"The behavior gets many kids mislabeled as having ADHD, Attention-Deficit Hyperactivity Disorder, Yoder says. But instead, they are having difficulty regulating the information taken in through their senses. The nervous system either overreacts or underreacts to what's going on around them. At either extreme - craving stimulation or avoiding it - the problem can be a sensory processing disorder that disrupts a child's daily life."
Extremes include craving loud music or other loud noises, a child who's nearly oblivious to his surroundings, or one who's such a picky eater that he gags when he smells food he doesn't like. A child who's displaying these types of behaviors should be evaluated by someone who's qualified to make distinction between ADHD and sensory issues.

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Labels: behavior, misdiagnosis, stimulation

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Portsmouth School Board Considers ADHD Memo

In September, the School Board of Portsmouth, Virginia issued a memo warning parents of the "dangers" of ADHD medication. The memo went on to say that parents who accept their children have ADHD are admitting that their children are mentally ill.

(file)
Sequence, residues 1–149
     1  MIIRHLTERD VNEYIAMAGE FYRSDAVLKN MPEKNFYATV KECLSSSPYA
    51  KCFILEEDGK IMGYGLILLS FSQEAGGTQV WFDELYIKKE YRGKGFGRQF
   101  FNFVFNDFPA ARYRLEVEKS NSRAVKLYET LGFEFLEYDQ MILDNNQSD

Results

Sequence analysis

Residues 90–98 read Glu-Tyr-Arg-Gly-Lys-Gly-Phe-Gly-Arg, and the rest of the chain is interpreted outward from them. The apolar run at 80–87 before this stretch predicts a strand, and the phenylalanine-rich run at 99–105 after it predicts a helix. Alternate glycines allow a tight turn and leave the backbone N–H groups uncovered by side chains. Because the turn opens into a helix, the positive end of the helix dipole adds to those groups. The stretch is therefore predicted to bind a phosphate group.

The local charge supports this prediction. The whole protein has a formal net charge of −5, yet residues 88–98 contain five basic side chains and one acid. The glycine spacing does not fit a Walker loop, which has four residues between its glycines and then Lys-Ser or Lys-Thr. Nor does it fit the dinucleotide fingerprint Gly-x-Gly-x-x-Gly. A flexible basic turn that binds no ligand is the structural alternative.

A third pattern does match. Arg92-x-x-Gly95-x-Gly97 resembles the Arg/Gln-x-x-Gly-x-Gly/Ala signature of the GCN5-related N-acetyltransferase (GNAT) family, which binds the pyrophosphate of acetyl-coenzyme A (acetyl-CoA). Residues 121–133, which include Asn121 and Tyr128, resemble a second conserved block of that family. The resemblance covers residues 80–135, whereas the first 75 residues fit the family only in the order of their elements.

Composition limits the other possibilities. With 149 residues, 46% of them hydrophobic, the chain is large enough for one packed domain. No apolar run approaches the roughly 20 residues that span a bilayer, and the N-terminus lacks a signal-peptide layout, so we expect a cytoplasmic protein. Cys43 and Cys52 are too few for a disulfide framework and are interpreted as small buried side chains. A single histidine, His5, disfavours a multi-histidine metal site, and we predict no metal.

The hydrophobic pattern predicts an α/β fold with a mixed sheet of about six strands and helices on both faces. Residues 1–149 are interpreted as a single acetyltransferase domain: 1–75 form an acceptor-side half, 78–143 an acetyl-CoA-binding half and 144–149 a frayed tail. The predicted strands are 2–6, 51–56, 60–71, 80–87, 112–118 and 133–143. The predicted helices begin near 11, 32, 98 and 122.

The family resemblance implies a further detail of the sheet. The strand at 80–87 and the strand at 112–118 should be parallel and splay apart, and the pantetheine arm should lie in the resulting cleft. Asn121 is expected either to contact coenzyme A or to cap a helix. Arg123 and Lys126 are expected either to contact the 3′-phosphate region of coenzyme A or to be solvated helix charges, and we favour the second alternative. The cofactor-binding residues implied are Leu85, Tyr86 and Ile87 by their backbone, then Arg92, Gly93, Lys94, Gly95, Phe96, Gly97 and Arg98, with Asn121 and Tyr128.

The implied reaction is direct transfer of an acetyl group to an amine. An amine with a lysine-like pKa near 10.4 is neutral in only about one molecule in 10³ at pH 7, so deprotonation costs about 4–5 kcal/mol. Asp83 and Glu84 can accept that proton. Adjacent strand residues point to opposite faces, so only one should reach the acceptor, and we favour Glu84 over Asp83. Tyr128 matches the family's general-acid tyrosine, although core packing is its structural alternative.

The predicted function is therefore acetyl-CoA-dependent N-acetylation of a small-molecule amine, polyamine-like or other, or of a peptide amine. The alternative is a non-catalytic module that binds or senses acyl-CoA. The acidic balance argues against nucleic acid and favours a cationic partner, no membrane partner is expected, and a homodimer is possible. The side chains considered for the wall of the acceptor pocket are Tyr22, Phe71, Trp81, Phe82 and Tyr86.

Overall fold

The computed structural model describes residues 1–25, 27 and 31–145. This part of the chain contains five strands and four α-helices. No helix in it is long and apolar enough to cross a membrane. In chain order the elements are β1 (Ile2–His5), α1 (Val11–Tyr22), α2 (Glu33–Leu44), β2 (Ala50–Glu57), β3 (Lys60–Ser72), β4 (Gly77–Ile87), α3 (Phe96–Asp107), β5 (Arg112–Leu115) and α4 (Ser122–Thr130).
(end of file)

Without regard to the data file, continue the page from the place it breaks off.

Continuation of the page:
"The School Board will consider sending parents new information about attention deficit hyperactivity disorder that would be drastically different from... [the] controversial memo it issued in September."
The new memo comes in the wake of a litany of comments from national ADHD organizations calling for the School Board to address the medical facts of ADHD in children and adolescents.

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Labels: medications, dangers, mental_health

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A Guide to Teaching ADHD Students

A child with ADHD spends as much time in the classroom as any other child, so his teacher's ability to interact well and teach effectively is vital. This article from David Blitz gives tips for teachers who have ADHD students.
"The first step in being successful in teaching an ADHD student is being able to develop with him/her a good rapport and a positive relationship. Like with any other student, the ADHD student is more likely to respond to you positively and you are more likely to be able to help them reach their true academic potential if your interaction with them is in a positive and non-judgmental manner."
Other tips include using positive reinforcement, creating a good learning environment, and breaking down lessons into smaller segments that are easier for an ADHD child to understand.

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Labels: schools, teachers, classrooms